Short Stories

Dreamcatcher by James Fowler

Ghosts, At First by Jim O'Loughlin

The Savior by H.T. Grossen

Unknown Landmark by Dominic Leah Conda

Love's Dark Matter by Pearse Murray

 

Dreamcatcher by James Fowler

    Soon after the Oneiric DVR for capturing dreams launched, they started to appear online. A mad scramble to gain market share in this red-hot sector ensued, with Dreamland clawing its way to dominance, largely due to a generous profit-sharing model. As tastes grew more discriminating, this platform added premium channels that could only be accessed through subscription. The top dreamers in the field signed exclusive contracts and enjoyed celebrity on a par with movie and sports stars.
    It took viewers some time to adjust to the slippery nature of the genre. Characters and situations were constantly morphing, and the dialogue often made little sense. Some scenarios, if they could even be called that, lasted little more than a few seconds. A two-minute video was the equivalent of a feature-length film. 
    Once the initial stream-of-unconsciousness experience lost some its novelty, and viewers realized that other people’s nightly ventures were by and large no more diverting than their own psychic rambles, a tiered system began to develop. Garbage dreams, a mere clearing of the short-term memory buffer, populated numerous low-end domains. More bizarre or action-packed offerings were culled and recommended for viewing on prominent sites. The elite night visions, though, seemed to have little or nothing to do with the dreamer. These had an iconic, revelatory quality, spoke a universal language ever suggestive, ripe for decoding. A sign of the times, books like The Golden Bough and The Interpretation of Dreams became best sellers. Jung was in again too.
    Dream programming came to fall under the usual categories, and nobody was surprised that nightmares drew a lot of traffic. The host sites posted boilerplate warnings that they weren’t liable for any neural damage that might result from consumption of scary material. At first people scoffed this was a come-on, so much carny barking. But then stories started circulating of addictive viewing, adrenal dependence. Legislators wanted ways to keep minors from accessing the more horrific dream caches. Cases were reported of sleep avoidance due to fear of nightmare infection and dubbed Freddy Syndrome. Rumbles of pending class-action suits neared like thunder.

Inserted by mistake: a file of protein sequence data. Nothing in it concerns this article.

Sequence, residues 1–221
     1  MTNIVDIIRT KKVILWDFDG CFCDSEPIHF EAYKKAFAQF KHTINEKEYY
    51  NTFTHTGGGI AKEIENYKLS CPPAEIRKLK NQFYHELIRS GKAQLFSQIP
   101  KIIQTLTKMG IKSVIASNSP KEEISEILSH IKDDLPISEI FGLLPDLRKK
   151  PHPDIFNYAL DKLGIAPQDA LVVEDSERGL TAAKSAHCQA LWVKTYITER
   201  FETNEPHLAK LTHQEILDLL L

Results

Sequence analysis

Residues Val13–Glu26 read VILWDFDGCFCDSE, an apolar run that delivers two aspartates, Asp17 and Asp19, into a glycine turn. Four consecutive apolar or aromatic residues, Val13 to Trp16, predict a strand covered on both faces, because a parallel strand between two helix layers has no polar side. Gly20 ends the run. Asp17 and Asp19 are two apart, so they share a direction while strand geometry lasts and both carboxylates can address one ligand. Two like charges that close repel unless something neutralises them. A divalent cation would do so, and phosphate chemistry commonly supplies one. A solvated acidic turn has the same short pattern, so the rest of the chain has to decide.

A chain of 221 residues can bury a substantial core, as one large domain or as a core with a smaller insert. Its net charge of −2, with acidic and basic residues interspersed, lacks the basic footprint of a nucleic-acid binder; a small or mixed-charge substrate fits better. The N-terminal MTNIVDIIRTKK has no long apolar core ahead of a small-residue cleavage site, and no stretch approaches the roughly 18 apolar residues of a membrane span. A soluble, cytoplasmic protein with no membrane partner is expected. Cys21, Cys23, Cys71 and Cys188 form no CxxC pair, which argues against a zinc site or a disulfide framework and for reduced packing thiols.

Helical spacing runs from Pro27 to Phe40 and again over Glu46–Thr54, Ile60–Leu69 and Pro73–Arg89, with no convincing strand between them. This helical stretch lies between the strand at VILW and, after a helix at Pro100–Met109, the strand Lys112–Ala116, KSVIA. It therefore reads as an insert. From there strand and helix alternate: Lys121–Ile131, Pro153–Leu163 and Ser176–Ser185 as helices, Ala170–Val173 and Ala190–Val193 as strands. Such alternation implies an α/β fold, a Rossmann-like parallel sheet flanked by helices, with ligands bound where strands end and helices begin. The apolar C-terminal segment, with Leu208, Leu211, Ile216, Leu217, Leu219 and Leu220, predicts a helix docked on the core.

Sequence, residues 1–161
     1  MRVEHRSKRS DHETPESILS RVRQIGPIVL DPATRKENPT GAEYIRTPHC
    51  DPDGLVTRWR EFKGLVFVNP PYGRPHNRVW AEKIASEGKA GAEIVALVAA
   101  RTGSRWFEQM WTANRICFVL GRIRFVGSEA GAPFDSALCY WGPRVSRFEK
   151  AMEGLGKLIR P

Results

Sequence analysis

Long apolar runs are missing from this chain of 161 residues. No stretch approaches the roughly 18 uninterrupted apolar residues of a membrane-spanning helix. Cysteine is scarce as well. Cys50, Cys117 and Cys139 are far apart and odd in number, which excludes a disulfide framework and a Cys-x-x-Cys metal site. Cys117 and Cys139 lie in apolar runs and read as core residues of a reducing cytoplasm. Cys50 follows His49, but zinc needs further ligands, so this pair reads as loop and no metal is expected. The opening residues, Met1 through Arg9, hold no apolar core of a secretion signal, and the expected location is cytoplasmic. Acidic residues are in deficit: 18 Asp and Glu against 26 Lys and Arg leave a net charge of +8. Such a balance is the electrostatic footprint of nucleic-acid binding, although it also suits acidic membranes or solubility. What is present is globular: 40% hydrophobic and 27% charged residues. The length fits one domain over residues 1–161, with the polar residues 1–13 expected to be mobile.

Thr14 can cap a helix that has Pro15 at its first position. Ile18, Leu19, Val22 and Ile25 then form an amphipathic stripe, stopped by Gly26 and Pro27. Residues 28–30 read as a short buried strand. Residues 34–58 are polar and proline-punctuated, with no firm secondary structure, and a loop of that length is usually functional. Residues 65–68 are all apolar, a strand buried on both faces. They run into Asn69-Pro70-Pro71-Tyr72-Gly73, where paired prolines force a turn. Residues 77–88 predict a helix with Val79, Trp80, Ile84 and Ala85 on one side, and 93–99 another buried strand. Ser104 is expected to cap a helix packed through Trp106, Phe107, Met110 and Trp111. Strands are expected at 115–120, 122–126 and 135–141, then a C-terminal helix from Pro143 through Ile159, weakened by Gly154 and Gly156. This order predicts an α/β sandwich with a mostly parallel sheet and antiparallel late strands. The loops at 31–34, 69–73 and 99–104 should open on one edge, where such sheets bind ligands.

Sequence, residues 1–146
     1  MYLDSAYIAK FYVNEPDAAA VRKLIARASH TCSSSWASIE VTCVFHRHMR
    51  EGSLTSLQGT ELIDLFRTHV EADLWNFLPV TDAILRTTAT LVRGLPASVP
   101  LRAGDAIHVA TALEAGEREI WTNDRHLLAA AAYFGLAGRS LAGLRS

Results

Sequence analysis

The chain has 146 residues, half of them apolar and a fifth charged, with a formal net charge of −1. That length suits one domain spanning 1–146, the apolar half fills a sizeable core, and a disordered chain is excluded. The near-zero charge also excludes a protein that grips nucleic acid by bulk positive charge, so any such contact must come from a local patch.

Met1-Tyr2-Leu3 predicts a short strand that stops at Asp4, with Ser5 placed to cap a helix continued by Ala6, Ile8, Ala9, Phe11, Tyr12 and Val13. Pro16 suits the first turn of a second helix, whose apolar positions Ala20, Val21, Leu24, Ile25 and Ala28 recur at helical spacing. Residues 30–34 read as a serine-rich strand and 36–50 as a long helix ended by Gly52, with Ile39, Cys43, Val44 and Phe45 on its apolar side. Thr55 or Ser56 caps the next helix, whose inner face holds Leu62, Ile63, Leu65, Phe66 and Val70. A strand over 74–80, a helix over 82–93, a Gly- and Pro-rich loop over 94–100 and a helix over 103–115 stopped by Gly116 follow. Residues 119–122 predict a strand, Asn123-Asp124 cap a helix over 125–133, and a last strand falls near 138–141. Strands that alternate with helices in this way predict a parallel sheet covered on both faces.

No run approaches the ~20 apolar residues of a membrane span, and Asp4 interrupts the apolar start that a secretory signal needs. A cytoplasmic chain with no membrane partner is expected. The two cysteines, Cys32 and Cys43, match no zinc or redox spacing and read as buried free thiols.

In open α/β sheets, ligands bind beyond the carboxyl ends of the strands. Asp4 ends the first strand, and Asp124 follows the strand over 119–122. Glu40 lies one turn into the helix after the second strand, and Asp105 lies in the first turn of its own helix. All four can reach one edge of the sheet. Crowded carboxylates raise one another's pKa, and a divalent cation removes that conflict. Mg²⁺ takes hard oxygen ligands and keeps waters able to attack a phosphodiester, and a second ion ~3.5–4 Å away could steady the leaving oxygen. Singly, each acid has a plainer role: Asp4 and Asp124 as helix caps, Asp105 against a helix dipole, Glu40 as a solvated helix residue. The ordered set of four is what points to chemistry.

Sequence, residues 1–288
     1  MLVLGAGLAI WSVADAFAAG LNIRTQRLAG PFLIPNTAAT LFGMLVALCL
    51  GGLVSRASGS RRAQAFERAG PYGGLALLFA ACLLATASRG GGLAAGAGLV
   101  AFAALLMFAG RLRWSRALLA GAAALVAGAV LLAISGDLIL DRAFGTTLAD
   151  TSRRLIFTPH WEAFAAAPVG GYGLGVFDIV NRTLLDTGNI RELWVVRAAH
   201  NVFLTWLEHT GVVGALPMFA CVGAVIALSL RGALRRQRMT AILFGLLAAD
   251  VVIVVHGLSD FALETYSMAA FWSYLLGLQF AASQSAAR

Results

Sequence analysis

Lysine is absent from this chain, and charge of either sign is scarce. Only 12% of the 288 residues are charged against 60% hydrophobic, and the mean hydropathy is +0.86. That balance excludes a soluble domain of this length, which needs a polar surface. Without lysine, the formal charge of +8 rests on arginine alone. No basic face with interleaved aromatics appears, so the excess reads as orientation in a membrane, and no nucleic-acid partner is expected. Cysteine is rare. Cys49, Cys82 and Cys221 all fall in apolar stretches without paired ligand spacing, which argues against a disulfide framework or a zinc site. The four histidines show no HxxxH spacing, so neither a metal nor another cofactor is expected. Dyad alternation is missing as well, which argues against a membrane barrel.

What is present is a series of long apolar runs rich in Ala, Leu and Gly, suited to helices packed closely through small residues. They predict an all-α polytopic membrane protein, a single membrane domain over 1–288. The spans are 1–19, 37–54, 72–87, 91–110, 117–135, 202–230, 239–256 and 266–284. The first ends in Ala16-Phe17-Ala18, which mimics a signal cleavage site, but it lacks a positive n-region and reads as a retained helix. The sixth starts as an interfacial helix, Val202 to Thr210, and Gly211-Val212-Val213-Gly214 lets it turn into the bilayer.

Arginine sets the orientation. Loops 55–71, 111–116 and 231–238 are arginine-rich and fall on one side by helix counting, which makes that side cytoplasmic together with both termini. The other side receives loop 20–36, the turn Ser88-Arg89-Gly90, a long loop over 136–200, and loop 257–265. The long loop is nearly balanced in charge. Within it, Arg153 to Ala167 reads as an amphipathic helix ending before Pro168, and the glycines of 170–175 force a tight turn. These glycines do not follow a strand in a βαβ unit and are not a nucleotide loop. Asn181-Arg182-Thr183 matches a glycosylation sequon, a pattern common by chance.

It could hardly be denied that partaking of other people’s dreams had an effect on one’s own. Theorists speculated that humanity, through its tech, was reaching a stage of boosted collective unconscious. That’s why postings by such figures as Horizon Boy, Lady Nycteris, and Ganesh Gharry drew such a wide following. Those were just the kind of streams you wanted circulating in the dream pool. Psychiatrists actually prescribed doses of this good stuff to counteract the trauma of the Freddy crew.
    Governments have found themselves playing catch-up. Among early responses were bans on anyone with security clearance posting dreams online, for fear of unconscious disclosures. Worse, adversaries could plant subliminal messages in doctored videos to render a populace passive, uninclined to meet aggression. Plans are afoot in leading countries to establish a Dream Defense Initiative (DDI).
    Experts debate whether the whole phenomenon is a fad or turning point. Those in the latter camp point to dream convergence, as if a species-wide vision were emerging. Certain emblems, the first stirrings of a new style in music, architecture, poetry, have appeared on the scene. The movement, seemingly more spontaneous than deliberate, goes by the name alt-Earth. Its more cosmic adherents posit a sister planet in a strange-attractor or entangled relation. Skeptics wonder whether inhabitants of that orb have recently woken with a taste for fusion cuisine or e-cigs. Another, more local, explanation has it that humans are ushering in a version of Earth that might have evolved had cold-blooded materialism not gained the upper hand around the time of steam harnessing. The thought that nationalism and economics might be losing their grip on a growing number of the dream-happy has rattled governments and markets around the globe. Politicians may have to shift the very grounds of appeal dramatically.